- 2200 FOR EUCHARISTIC MINISTERS: NOURISHING THE COMMUNITY
- 2210 INTRODUCTION
- 2220 HISTORY
- 2230 THE EUCHARIST
- 2240 RELATIONSHIP TO PASTOR, PASTORAL STAFF AND 'COMMUNITY
- 2250 STYLE OF MINISTRY
- 2260 OPPORTUNITIES FOR SERVICE
- 2261 SERVICE AT THE ALTAR
- 2262 SERVICE TO THE SICK
- 2263 EXPOSITION OF THE BLESSED SACRAMENT
- 2270 THE COMMISSIONING CEREMONY
- 2271 WHEN THE RITE IS CELEBRATED DURING MASS
- 2272 WHEN THE RITE IS CELEBRATED OUTSIDE MASS
- 2280 CONTINUING EDUCATION
- 2290 SPECIAL CASES
- 2400 HOME MASSES
2200 FOR EUCHARISTIC MINISTERS: NOURISHING THE COMMUNITY #
2210 INTRODUCTION #
In 1973 the Church first proclaimed the need for extra¬ordinary ministers of the Eucharist. In his encyclical IMMENSAE CARITATIS (“Immense Love”), Pope Paul VI makes clear
2210.1 why Eucharistic Ministers serve;
2210.2 how Eucharistic Ministers serve;
2210.3 who Eucharistic Ministers are.
The document begins:
“Christ the Lord has left to the Church, His Spouse, a testament of His immense love. This wonderful gift of the Eucharist, which is the greatest gift of all, demands
that such an important mystery should be increasingly better known and its saving power more fully shared…. Greater access to Holy Communion should be made possible ….Provision must be made lest reception become impos¬sible or difficult owing to a lack of a sufficient number of ministers.”
The document goes on to explain that “local ordinaries have the faculty to permit suitable persons…to give the Euch¬arist to other faithful and to take it to the sick who are confined to their homes.”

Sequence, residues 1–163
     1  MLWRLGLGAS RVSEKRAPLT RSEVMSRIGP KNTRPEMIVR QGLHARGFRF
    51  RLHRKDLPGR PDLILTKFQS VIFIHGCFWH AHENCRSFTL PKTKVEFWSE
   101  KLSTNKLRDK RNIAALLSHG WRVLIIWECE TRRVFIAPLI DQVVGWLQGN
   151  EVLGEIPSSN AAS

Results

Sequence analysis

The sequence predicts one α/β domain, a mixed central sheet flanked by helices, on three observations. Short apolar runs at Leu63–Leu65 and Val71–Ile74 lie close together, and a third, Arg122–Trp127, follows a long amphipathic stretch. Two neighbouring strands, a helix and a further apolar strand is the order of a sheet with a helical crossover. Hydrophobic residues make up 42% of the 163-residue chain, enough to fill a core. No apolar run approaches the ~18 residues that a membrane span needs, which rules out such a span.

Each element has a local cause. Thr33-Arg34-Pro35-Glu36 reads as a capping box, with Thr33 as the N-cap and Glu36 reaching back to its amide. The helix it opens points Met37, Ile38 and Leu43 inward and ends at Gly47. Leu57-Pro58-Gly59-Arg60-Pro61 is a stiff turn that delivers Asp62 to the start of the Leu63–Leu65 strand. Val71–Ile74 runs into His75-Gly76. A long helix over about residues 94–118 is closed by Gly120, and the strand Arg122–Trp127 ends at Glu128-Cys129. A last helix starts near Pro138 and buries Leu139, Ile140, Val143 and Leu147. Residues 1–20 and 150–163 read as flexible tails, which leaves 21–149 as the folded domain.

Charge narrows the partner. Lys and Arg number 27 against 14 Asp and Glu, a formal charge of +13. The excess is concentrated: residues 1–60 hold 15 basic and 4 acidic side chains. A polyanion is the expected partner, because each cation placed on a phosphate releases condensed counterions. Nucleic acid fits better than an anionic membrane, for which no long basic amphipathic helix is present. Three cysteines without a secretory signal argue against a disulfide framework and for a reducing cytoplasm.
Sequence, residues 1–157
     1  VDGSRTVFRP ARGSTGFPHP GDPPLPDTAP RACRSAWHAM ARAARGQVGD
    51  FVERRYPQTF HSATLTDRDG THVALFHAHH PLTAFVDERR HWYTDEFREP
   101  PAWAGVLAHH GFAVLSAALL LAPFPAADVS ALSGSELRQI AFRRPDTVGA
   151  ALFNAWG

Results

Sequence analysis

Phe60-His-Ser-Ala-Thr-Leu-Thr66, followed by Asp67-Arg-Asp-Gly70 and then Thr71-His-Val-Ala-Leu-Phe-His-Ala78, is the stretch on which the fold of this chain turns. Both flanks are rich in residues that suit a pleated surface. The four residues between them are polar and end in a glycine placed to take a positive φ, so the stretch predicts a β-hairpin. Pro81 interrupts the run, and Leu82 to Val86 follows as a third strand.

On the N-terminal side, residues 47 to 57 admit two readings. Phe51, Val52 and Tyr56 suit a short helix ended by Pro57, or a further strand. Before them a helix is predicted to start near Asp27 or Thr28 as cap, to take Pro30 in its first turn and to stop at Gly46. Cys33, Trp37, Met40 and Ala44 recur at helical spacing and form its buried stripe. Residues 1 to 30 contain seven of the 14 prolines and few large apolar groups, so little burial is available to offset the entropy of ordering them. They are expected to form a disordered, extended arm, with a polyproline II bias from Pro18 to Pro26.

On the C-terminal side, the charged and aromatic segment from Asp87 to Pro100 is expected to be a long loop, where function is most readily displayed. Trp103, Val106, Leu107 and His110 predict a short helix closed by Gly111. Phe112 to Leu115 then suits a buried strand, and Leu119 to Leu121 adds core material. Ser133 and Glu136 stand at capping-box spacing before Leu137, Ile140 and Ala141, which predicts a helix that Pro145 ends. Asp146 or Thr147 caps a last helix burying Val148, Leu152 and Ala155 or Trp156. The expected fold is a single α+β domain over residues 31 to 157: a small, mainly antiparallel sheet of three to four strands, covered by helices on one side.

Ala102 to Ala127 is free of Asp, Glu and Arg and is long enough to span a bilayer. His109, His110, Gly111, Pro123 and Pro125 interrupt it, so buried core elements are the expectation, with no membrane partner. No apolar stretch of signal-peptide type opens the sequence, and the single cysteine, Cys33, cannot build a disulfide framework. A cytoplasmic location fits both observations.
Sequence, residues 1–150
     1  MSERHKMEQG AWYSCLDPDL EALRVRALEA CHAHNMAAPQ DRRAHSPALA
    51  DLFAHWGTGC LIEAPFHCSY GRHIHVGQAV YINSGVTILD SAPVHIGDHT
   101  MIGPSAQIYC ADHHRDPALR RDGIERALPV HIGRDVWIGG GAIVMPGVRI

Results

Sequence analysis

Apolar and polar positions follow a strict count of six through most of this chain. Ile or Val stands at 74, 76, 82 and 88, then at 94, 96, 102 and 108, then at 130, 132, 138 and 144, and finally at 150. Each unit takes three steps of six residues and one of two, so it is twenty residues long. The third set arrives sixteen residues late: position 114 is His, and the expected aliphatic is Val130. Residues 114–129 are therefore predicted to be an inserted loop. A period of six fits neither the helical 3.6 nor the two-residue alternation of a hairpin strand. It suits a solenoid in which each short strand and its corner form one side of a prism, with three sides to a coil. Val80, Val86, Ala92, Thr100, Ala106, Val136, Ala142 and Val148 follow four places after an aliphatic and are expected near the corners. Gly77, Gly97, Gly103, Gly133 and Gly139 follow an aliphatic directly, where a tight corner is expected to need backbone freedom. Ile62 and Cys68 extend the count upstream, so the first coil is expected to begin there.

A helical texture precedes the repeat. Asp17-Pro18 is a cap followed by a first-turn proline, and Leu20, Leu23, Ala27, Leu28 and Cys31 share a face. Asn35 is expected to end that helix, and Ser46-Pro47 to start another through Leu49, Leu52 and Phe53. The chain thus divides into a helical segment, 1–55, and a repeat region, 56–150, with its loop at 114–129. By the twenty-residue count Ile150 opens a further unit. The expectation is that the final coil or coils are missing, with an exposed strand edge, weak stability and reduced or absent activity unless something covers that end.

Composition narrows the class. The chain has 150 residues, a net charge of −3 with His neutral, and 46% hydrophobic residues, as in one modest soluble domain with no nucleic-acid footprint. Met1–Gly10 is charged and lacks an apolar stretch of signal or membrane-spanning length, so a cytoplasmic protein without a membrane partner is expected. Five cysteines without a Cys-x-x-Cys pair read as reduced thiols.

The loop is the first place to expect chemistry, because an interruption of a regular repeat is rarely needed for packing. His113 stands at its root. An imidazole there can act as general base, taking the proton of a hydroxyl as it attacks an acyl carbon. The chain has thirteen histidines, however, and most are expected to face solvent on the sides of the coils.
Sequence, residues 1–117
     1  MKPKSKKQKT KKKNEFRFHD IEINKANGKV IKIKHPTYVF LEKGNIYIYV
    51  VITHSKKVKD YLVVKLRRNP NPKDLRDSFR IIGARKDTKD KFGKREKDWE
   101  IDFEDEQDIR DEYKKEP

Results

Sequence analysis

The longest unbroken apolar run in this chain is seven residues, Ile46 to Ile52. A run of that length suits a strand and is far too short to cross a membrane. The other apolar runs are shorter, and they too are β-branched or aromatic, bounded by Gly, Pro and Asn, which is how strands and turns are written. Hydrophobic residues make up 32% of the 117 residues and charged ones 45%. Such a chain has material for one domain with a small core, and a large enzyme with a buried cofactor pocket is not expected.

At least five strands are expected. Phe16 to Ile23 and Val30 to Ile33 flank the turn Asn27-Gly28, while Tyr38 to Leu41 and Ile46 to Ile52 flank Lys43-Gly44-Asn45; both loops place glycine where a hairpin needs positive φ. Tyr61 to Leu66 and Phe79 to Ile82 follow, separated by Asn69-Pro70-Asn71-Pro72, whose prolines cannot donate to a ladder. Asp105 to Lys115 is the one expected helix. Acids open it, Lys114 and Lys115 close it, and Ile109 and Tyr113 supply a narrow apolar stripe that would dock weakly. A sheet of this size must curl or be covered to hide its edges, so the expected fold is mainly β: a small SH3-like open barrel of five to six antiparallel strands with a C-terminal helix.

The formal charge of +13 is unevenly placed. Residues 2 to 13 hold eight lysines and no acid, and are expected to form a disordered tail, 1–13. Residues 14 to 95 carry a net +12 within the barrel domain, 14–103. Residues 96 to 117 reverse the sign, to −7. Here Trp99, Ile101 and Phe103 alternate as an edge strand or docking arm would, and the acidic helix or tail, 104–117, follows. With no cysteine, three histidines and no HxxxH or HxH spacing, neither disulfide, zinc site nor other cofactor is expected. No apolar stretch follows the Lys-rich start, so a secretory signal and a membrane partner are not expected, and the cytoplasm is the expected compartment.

The document insists that “persons who have been appointed to be extraordinary ministers of Holy Communion are neces-sarily to be duly instructed and should distinguish them-selves by their Christian life, faith and morals. Let them strive to be worthy of this great office; let them cultivate devotion to the Holy Eucharist and show themselves as an example to the other faithful by their piety and reverence for this most holy Sacrament of the altar.”
2220 HISTORY #
Ministers of the Eucharist were common in the early Church. Someone from each family carried the Eucharist from Sunday Mass to the home where family members would then receive each day during the week.
Over the years, the many individual ministerial roles were gradually taken over by the priest, to the point where he was often the only minister — of the readings, the altar, and Communion.
The Second Vatican Council began a renewal of many mini-stries in the Church, emphasizing the priestly ministry given to all at Baptism. Pope Paul VI writes in his en-cyclical EVANGELII NUNTIANDI “the laity can also feel them¬selves called to work with their pastors in the service of
the ecclesial community for its growth and life by exer¬cising a great variety of ministries according to the grace and charisms which the Lord is pleased to give them.”
In accord with the spirit of the Council, Church members now have the opportunity to serve as special ministers of the Eucharist. They stand with the priests and deacons as
those who offer their brothers and sisters the Body of Christ. Theirs is also the privilege to bring the Eucharist from the worshipping community to the sick or to those confined in their homes.
2230 THE EUCHARIST #
At the Last Supper, the Lord Jesus gave Ris Church the Sacrament of His Body and Blood that we might “proclaim the
death of the Lord until He comes.” He entrusted to the Church this unique memorial of His life, death, and resurrections, and asked that we do this in memory of Him.